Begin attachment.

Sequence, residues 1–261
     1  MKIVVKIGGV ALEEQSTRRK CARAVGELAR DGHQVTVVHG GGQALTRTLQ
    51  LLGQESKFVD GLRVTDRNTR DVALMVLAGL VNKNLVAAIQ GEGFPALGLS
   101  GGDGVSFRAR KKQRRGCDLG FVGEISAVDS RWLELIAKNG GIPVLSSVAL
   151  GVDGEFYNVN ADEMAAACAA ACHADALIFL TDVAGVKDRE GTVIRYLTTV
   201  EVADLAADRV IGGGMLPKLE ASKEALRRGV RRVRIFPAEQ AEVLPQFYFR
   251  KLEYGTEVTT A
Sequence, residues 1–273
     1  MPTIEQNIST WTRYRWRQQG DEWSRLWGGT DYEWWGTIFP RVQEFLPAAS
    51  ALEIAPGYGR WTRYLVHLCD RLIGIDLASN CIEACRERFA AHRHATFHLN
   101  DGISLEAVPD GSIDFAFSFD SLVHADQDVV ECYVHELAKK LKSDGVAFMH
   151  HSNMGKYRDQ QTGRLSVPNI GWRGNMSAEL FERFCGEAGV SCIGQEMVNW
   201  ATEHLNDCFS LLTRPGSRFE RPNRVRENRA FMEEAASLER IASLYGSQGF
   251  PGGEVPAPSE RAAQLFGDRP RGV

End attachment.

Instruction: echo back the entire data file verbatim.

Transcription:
Sequence, residues 1–261
     1  MKIVVKIGGV ALEEQSTRRK CARAVGELAR DGHQVTVVHG GGQALTRTLQ
    51  LLGQESKFVD GLRVTDRNTR DVALMVLAGL VNKNLVAAIQ GEGFPALGLS
   101  GGDGVSFRAR KKQRRGCDLG FVGEISAVDS RWLELIAKNG GIPVLSSVAL
   151  GVDGEFYNVN ADEMAAACAA ACHADALIFL TDVAGVKDRE GTVIRYLTTV
   201  EVADLAADRV IGGGMLPKLE ASKEALRRGV RRVRIFPAEQ AEVLPQFYFR
   251  KLEYGTEVTT A
Sequence, residues 1–273
     1  MPTIEQNIST WTRYRWRQQG DEWSRLWGGT DYEWWGTIFP RVQEFLPAAS
    51  ALEIAPGYGR WTRYLVHLCD RLIGIDLASN CIEACRERFA AHRHATFHLN
   101  DGISLEAVPD GSIDFAFSFD SLVHADQDVV ECYVHELAKK LKSDGVAFMH
   151  HSNMGKYRDQ QTGRLSVPNI GWRGNMSAEL FERFCGEAGV SCIGQEMVNW
   201  ATEHLNDCFS LLTRPGSRFE RPNRVRENRA FMEEAASLER IASLYGSQGF
   251  PGGEVPAPSE RAAQLFGDRP RGV